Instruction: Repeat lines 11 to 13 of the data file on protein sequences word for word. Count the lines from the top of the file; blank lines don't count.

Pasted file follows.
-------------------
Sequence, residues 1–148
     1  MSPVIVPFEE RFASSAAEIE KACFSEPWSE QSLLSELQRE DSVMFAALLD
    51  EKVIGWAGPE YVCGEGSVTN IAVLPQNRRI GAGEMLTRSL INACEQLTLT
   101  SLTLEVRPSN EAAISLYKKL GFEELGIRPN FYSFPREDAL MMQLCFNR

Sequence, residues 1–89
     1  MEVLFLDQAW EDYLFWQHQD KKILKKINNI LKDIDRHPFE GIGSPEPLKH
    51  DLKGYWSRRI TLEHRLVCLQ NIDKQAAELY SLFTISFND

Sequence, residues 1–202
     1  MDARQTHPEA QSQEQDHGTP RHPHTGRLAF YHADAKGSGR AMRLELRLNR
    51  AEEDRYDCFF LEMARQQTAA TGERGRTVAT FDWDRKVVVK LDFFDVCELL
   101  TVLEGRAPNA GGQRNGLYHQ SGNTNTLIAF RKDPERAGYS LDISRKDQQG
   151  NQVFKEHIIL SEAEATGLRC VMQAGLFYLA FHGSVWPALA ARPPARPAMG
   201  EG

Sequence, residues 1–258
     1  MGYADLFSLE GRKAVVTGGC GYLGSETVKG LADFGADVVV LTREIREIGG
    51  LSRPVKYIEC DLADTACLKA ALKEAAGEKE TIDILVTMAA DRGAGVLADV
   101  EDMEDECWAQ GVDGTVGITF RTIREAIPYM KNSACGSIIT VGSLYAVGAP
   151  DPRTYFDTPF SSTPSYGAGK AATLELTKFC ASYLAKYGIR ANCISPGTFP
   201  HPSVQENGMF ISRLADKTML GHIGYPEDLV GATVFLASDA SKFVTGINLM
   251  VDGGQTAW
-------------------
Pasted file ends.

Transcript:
   101  TVLEGRAPNA GGQRNGLYHQ SGNTNTLIAF RKDPERAGYS LDISRKDQQG
   151  NQVFKEHIIL SEAEATGLRC VMQAGLFYLA FHGSVWPALA ARPPARPAMG
   201  EG